So here's the deal. We got the chickens because, well, I thought it would be fun to have chickens. Or rather, I thought it would be fun to say "I have chickens." I also thought it would be kind of swell having fresh eggs. And I'm looking forward to the vegetables which will grow in the garden they are supposed to be fertilizing. It's one of those sustainability things - we feed the chickens, they lay eggs, they fertilize the garden and then we grow enough turbo-charged vegetables to feed a small country or the people in our house (whichever is larger at the time).
Problem one: we have not moved them into the garden because the raised beds are in the way.
Problem two: they're not laying.
It's not just our chickens that aren't laying. The people at the feed store report that no one's bringing extra eggs in to sell. And our friends who got chickens a little before us are also going hungry, waiting for their omelettes.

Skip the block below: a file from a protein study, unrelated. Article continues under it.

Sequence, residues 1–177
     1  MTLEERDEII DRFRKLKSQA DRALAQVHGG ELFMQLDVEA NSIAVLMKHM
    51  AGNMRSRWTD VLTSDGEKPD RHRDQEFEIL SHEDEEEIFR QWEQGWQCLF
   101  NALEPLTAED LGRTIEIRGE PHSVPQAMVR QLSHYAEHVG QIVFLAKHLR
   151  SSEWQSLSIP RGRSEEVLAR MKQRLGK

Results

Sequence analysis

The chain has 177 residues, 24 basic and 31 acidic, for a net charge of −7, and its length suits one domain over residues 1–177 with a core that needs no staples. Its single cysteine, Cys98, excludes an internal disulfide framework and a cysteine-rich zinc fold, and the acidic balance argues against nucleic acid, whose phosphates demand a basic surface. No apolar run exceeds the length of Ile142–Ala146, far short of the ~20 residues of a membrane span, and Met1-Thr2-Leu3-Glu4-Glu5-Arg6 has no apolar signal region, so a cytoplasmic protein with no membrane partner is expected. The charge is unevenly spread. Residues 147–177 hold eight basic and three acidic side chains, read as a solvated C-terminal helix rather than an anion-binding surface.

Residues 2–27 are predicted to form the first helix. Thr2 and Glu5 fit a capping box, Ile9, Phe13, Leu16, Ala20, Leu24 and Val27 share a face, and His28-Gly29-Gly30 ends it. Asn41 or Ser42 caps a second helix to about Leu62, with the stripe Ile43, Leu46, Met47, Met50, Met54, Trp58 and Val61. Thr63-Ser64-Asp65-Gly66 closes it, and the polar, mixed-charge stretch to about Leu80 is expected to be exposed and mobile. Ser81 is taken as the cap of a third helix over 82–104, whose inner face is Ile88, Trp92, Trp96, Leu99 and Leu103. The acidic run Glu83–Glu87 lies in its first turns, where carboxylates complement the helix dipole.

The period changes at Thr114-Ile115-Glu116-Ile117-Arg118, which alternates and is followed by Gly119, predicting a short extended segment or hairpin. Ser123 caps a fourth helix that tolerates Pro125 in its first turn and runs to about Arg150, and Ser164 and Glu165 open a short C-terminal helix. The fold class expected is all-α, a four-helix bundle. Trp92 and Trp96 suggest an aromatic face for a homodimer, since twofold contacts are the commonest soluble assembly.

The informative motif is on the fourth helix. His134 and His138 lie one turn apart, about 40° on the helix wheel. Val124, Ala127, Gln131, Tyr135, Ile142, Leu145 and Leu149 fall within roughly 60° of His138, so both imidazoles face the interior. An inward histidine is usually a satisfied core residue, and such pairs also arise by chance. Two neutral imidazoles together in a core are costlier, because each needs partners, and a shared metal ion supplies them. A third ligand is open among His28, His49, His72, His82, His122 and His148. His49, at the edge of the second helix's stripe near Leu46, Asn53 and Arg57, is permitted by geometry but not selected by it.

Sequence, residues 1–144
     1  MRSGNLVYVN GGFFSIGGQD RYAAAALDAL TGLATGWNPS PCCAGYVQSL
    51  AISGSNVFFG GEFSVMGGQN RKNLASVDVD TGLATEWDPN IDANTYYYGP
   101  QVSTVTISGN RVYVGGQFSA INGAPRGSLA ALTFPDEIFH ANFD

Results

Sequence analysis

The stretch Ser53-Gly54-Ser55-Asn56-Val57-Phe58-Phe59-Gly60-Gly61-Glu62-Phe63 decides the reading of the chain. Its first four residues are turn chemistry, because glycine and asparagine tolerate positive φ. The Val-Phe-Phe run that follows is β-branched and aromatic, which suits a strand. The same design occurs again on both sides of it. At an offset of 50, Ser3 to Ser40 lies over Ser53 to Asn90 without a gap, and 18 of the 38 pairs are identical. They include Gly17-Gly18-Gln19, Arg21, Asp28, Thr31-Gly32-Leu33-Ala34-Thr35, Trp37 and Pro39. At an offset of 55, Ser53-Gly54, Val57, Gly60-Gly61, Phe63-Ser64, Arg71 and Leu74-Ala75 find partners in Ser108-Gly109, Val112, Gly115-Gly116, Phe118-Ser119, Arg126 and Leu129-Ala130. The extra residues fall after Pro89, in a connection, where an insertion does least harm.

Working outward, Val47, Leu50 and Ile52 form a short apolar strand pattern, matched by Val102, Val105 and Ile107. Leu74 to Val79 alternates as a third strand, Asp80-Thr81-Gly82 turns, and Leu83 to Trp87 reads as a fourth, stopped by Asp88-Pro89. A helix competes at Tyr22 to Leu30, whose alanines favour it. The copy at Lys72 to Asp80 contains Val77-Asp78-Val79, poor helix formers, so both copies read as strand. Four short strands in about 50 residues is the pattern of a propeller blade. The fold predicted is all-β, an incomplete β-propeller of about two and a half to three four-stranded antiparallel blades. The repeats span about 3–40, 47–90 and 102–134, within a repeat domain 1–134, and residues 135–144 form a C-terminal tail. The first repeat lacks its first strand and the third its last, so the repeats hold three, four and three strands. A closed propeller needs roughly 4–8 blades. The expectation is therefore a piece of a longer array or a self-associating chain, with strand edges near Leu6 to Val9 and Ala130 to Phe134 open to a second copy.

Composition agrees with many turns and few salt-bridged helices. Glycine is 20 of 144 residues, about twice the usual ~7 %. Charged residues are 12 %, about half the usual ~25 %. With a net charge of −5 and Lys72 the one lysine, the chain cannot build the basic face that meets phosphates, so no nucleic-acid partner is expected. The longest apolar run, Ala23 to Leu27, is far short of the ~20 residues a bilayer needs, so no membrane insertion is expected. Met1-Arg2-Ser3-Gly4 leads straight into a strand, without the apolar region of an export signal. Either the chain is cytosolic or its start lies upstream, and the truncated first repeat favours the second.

And so I must ask, is this a sign that the end of the world is near?
Because I kind of associate chickens with Mother Earth News. And when I used to pick up Mother Earth News I was always struck by how much information there was on surviving off the grid once all heck has broken loose and Trader Joe's is no longer carrying mochi balls. You know, ads for air tight buckets in which to keep your 5 year grain and bean supply. Bunker blueprints. Windowboxes for your bunker. Stuff like that.
So if the world is indeed ending, and the hens are not laying because of it.... well that just defeats the purpose of having them, now doesn't it? Except that it's still fun to tell people we have chickens.
It's also the season for those big windy storms that knock power lines down. Think how nice it would be to have eggs florentine by candlelight.
I still think it's a good idea, this chicken and egg thing. Every time I take that carbon footprint test I struggle with how to make less of a carbon crater while still driving 2 hours to attend the ballet.
I think I'll raise tilapia in my rain barrel.